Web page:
"The questions that we found out are being asked are about beating wives, marijuana use and extravagant parties," World Umpires Association president John Hirschbeck said in a telephone interview Wednesday. "And then finally with this whole thing about the Ku Klux Klan.
"You get someone from security, shows his credentials and starts asking these kind of questions, and right away what's the neighbor going to think other than the umpire is in trouble, he's done something wrong and he's going to lose his job."
Hirschbeck and union spokesman Lamell McMorris said Tom Christopher, the Milwaukee-based supervisor of security and investigations in the commissioner's office, had asked questions about Klan membership to neighbors of umpires Greg Gibson and Sam Holbrook, who reside in Kentucky. In addition, Hirschbeck said similar questions had been asked to neighbors of umpire Ron Kulpa, who lives in the St. Louis area.
Baseball stepped up background checks last August, after it became public that the FBI was investigating NBA referee Tim Donaghy for betting on games. Donaghy pleaded guilty to felony charges of conspiracy to engage in wire fraud and transmitting betting information through interstate commerce, and he awaits sentencing.
MLB asked umpires to sign authorizations allowing the sport to conduct financial backgrounds checks, but umps balked.
"We did not anticipate that they would approach neighbors posing as a close colleague and friend of the umpire's and asking them questions such as: Do you know if umpire `X' is a member of the Ku Klux Klan? Does he grow marijuana plants? Does he beat his wife? Have you seen the police at his home? Does he throw wild parties?" McMorris said by telephone from India.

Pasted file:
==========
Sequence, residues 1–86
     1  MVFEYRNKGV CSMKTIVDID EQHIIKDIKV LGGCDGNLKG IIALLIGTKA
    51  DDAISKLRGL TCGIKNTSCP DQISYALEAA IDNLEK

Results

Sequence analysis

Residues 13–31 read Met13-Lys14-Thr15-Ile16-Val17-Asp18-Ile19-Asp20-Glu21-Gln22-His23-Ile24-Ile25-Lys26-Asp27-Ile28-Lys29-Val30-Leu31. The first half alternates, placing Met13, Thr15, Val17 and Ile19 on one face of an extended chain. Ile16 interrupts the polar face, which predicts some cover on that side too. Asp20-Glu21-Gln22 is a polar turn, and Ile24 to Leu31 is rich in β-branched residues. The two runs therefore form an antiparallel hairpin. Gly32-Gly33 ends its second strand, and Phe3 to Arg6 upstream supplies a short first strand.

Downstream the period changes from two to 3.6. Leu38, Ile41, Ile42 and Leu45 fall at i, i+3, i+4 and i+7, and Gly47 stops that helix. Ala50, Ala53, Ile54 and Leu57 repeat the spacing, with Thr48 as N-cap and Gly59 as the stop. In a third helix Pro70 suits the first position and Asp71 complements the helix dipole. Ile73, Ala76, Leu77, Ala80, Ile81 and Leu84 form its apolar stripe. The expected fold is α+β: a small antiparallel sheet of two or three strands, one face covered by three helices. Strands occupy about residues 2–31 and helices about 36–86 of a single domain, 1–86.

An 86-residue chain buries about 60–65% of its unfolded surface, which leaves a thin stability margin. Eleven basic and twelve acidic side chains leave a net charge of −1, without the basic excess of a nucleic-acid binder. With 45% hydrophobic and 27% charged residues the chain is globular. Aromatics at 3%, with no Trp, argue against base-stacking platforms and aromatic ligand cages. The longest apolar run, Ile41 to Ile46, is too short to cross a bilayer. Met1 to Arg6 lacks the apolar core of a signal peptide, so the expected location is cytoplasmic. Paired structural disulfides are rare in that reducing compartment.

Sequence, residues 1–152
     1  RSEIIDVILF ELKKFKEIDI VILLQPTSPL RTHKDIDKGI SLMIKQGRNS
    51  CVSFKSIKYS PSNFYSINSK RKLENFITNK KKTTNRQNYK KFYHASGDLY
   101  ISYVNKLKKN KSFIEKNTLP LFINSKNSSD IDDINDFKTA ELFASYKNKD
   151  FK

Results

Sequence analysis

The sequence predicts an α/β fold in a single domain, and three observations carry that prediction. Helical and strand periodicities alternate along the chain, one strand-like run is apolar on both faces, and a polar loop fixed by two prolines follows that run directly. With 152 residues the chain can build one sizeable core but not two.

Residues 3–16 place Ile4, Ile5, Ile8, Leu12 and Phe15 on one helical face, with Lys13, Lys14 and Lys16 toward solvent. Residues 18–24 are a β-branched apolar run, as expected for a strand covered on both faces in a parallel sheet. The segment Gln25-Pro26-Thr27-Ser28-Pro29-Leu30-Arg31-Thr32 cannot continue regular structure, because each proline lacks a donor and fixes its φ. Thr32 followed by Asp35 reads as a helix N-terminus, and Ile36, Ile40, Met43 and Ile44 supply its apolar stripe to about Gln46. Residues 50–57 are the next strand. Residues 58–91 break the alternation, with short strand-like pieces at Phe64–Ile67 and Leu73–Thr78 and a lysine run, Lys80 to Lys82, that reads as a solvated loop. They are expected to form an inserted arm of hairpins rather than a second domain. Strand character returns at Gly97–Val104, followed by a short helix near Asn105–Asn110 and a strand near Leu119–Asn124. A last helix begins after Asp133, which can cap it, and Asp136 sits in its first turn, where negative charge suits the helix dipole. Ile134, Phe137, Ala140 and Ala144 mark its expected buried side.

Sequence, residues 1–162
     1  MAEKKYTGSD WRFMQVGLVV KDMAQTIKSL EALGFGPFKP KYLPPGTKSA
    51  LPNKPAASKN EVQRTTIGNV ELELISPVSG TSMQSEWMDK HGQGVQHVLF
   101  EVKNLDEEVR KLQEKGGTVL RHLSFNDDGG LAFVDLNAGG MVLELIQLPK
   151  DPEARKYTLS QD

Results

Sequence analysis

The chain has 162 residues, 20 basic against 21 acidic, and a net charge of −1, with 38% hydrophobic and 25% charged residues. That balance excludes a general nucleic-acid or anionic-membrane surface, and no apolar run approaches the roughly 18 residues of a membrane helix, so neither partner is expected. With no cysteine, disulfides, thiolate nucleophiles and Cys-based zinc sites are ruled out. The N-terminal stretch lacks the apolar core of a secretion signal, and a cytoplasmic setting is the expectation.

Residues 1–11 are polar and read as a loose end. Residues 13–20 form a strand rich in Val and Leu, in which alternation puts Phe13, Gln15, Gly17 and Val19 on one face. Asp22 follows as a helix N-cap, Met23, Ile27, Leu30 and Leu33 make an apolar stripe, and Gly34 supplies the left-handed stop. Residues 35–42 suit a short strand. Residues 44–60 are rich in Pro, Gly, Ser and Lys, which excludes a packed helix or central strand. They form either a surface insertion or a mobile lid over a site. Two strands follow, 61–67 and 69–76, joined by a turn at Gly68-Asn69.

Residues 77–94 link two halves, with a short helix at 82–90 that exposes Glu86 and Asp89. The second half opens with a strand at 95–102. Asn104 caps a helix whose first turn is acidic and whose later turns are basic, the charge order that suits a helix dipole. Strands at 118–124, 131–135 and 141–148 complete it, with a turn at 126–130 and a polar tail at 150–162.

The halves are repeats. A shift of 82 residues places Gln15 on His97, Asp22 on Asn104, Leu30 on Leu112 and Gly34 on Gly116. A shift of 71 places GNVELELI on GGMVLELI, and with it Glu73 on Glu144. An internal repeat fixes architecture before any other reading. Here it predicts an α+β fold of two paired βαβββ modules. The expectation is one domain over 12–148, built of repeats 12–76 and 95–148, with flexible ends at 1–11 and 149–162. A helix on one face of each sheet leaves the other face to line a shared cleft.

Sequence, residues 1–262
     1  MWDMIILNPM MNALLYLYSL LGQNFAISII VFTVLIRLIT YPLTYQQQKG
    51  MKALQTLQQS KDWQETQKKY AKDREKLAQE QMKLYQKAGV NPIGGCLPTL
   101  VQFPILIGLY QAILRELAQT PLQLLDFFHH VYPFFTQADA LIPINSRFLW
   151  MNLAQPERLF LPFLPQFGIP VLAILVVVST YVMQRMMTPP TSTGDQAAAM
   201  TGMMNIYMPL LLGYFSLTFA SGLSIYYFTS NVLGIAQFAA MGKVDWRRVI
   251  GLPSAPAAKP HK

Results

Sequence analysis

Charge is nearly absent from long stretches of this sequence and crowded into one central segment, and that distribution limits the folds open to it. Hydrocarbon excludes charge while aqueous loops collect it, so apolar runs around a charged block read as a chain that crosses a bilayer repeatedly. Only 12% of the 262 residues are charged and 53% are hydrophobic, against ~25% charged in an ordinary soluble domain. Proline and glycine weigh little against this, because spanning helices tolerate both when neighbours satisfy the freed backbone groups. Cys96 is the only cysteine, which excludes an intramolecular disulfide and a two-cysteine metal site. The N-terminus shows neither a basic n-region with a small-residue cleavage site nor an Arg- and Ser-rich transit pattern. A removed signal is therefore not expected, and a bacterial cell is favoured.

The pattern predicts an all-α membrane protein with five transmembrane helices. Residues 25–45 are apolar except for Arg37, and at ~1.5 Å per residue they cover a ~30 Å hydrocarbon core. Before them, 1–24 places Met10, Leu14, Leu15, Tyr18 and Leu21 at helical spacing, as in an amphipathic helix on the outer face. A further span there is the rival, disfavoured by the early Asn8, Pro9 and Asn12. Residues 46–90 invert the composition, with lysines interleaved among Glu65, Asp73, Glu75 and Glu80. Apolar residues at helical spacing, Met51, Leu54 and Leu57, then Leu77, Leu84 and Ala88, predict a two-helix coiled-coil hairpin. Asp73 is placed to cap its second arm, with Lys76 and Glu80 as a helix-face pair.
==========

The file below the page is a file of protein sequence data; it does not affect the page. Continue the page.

"To try to link our umpires to the Ku Klux Klan is highly offensive. It is essentially defaming the umpires in their communities by conducting a very strange and poorly executed investigation. It resembles kind of secret police in some kind of despotic nation."
Contacted Wednesday, Christopher referred questions to Rob Manfred, baseball's executive vice president for labor relations. Manfred did not immediately return a telephone call seeking comment.
"The claims of inappropriate questions by individuals conducting background checks was brought to our attention and looked into," Jimmie Lee Solomon, MLB's executive vice president of operations, said in a statement. "It was determined that these claims were inaccurate. Questions was conducted with a written script consistent with common practice, and there was no inappropriate conduct on behalf of the investigators."
Hirschbeck, who lives in Poland, Ohio, said that shortly before Christmas, he encountered Christopher on a street in his own neighborhood. Hirschbeck said MLB was taking what the WUA considers to be a typical heavy-handed approach to umpires and that it would be brought up in negotiations for the next labor contract. The current deal expires after the 2009 season.
"Once again, baseball's favorite way of doing things: Ready, fire, aim," Hirschbeck said. "It's not a good way to start the season."